Tuesday, March 18, 2014

Welcome to Poland. Kelly McGovern

March 16, 2014

Hello, my name is Kelly McGovern and I am a junior at Iona College studying Social Work. The main purpose for this blog is for me to share my experiences and feelings about my journey.

I decided to come on this trip to learn more about the Shoah, more commonly known as the Holocaust. I want to learn more by visiting different museums, galleries, speaking with historians and survivors as well as being able to visit the death camp Auschwitz. I also hope to gain knowledge about the culture and traditions in Poland.

Today was the first day we ventured out into the cities. We visited Wadowice, the town where Pope John Paul II grew up. It was extremely interesting to see actual pictures and pieces of furniture that were in the Popes house. I learned many things about Pope John Paul II that I was not aware of such as his real name, Karol Wojtyła. Learning that the Pope loved to ski, play sports, act in plays as well as write his own plays was almost comforting. 

Pope John Paul II with his bassinet

Pope John Paul II skis 

After visiting the exhibit on Pope John Paul II, we attended a Polish Catholic mass. Although the whole mass was in Polish, I was still able to understand what was going on to a certain point from the gestures of the priest and parishioners, as well as the tone of the songs that were sung. Before the mass began, we were given a sheet of paper, which had the English translation of the scriptures and Psalms that were being read. The fact that I was able to understand what was happening almost put me in awe. It truly shows how consistent the Catholic religion is worldwide.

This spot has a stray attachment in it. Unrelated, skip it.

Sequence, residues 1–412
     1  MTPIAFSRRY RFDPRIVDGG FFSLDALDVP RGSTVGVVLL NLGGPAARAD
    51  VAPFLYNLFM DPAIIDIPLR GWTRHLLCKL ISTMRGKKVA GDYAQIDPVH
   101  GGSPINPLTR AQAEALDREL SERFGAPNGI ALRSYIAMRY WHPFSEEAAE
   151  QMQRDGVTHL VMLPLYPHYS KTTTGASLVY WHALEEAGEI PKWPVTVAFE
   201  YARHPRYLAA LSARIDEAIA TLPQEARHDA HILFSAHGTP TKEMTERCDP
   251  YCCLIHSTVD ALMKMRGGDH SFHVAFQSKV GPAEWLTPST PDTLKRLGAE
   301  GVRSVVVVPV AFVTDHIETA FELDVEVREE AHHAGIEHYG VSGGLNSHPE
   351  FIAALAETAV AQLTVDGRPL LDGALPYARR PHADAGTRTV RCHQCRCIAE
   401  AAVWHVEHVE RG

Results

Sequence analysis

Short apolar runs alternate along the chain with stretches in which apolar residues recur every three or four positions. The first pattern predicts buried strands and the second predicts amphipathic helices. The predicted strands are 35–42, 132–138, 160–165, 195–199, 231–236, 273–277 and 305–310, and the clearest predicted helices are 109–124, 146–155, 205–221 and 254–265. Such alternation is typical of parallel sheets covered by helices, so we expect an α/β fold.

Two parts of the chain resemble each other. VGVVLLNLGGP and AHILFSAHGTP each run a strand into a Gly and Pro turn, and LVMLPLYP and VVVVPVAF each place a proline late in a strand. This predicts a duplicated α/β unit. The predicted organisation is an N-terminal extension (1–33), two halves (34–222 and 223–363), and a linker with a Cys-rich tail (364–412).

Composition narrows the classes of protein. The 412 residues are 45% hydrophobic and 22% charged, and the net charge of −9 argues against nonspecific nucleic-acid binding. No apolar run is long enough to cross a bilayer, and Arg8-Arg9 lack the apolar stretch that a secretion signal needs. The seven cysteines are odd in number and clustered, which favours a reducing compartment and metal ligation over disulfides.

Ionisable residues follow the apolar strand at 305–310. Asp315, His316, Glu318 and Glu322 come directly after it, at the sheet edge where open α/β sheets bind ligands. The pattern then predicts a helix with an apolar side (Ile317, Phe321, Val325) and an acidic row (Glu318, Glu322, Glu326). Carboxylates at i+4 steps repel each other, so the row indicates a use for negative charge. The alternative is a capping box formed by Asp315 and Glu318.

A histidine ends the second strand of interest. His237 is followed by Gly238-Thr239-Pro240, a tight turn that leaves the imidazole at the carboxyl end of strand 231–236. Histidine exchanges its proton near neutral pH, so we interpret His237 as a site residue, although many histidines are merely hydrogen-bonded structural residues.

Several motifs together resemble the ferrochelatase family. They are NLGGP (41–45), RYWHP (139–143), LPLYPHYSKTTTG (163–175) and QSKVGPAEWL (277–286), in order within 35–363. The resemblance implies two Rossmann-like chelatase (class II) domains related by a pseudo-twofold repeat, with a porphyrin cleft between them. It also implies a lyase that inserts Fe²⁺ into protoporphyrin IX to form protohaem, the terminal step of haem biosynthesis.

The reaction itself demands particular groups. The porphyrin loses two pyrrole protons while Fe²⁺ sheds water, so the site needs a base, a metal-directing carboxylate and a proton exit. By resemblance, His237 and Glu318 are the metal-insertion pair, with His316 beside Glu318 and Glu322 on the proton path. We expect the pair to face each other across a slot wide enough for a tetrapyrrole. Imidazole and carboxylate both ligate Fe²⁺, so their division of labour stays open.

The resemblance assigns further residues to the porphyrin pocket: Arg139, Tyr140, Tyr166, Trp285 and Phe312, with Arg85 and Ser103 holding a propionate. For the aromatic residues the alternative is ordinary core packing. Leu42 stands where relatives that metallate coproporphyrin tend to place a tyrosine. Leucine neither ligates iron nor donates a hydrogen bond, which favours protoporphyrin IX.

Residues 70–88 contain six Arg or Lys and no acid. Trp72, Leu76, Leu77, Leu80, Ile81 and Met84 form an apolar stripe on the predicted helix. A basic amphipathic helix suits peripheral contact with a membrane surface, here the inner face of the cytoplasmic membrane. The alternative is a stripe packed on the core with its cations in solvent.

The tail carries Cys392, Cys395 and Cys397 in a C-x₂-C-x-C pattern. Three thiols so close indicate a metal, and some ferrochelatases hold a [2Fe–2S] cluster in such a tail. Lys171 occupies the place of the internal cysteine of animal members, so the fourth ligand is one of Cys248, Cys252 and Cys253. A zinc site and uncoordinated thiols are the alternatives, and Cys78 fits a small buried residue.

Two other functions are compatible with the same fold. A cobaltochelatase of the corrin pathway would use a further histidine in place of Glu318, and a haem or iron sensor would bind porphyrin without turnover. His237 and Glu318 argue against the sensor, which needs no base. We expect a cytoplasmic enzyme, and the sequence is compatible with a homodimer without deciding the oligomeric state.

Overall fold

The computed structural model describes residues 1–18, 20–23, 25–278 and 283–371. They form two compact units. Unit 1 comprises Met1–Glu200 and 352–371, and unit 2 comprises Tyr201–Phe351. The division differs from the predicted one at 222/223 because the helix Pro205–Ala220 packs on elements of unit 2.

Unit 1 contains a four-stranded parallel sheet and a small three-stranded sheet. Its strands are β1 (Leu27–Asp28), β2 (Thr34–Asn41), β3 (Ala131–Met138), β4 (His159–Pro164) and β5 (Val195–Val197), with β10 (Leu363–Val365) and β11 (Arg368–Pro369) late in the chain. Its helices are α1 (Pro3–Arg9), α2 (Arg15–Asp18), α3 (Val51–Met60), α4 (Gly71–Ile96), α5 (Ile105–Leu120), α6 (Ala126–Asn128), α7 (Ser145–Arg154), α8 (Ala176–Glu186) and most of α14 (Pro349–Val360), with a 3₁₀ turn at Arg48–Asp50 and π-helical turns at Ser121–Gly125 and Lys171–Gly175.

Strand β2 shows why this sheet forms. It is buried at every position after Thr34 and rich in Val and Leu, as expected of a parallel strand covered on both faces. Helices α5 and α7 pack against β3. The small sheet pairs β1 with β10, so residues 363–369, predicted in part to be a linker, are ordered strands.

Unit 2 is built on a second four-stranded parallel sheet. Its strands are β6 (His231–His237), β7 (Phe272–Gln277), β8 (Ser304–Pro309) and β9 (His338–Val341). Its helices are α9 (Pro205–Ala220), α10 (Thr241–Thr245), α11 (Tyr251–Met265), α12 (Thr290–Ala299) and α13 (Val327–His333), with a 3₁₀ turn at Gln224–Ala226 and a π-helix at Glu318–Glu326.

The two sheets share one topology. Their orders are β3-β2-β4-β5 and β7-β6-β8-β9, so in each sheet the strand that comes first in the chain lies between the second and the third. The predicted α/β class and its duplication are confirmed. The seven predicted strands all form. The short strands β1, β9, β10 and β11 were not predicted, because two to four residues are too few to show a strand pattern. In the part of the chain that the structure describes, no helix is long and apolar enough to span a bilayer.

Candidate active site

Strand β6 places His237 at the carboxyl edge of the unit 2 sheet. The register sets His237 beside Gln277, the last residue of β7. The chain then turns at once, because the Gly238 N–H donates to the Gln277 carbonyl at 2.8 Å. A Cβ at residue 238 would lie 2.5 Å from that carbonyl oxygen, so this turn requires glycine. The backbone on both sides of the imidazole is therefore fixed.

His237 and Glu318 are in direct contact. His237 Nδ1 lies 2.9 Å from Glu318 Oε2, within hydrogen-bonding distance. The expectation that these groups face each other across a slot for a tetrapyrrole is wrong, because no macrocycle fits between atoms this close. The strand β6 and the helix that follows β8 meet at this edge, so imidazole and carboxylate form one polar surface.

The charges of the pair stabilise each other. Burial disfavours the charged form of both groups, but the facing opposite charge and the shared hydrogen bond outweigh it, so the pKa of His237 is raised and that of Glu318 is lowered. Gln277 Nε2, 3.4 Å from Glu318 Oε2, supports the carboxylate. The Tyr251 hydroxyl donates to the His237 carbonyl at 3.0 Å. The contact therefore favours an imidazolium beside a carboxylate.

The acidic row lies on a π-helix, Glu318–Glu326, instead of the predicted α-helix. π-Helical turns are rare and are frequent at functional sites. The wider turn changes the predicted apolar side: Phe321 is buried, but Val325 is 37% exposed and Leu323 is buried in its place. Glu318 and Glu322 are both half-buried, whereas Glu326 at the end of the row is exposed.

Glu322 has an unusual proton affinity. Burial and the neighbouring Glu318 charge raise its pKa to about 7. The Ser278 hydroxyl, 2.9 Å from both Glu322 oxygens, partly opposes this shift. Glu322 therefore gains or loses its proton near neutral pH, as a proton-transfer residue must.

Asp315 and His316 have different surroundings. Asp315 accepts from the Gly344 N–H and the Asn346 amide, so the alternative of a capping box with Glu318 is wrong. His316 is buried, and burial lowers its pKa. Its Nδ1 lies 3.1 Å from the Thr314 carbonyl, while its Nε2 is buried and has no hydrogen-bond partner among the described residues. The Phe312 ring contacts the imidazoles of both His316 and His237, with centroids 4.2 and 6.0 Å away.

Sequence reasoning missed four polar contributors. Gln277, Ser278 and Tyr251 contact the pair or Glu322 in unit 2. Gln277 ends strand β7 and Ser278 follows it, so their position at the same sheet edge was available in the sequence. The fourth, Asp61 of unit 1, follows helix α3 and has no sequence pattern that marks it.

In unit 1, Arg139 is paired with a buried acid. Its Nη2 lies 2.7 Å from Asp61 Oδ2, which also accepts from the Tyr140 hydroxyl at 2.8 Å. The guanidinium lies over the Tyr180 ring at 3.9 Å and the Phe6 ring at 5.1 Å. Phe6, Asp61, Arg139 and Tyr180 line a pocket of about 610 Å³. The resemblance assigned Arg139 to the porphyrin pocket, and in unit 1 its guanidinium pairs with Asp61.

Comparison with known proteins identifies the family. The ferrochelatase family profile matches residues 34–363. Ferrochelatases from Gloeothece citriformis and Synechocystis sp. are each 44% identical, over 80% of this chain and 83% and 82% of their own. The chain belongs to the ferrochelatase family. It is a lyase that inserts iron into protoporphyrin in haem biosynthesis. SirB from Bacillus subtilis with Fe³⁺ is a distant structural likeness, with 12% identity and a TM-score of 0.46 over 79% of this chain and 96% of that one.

Church where I attended mass 

Oświęcim was the second town we visited. First, went to a Jewish center, which housed the last standing synagogue in Oświęcim. The first room we went into was the synagogue. All of the furniture was replicated, because when the Nazis overtook this particular synagogue, they burned everything that was inside. There were two plaques on the wall, which indicated advisors of the synagogue, as well as a memorial from a wife to a husband of the synagogue. Having only been to a synagogue once, it was fascinating to learn about everything in the synagogue and its meaning. My favorite was being able to see where the Torah was kept and how it is read. The covering over the Torah was beautiful. 

Cabinet with the Torah's inside 

The second room we went into in the museum contained different artifacts and pictures of those who lived in Oświęcim. I love to see the pictures of people doing daily activates. It helped me better visualize how life was during that time. There was one box, which contained artifacts that were in the Great Synagogue, which was torn down by the Nazis. There was a beautiful menorah and a chandelier. The chandelier had an eagle at the top, which I later learned, is a national symbol for Poland. 

Artifacts from the Great Synagogue 

Seeing these artifacts that were once apart of such an amazing structure that no longer exists, and seeing pictures of those innocent people who lived in Oświęcim who were persecuted for no real reason was upsetting. When our tour guide for this museum was explaining the different pictures to us, she stated how for almost every picture the fate of those who were photographed is unknown. After hearing this, it made me mentally prepare myself for what the rest of the trip has in store for me.

I am so thankful and blessed to be able to be apart of such a life changing and meaningful trip.


Kelly McGovern 


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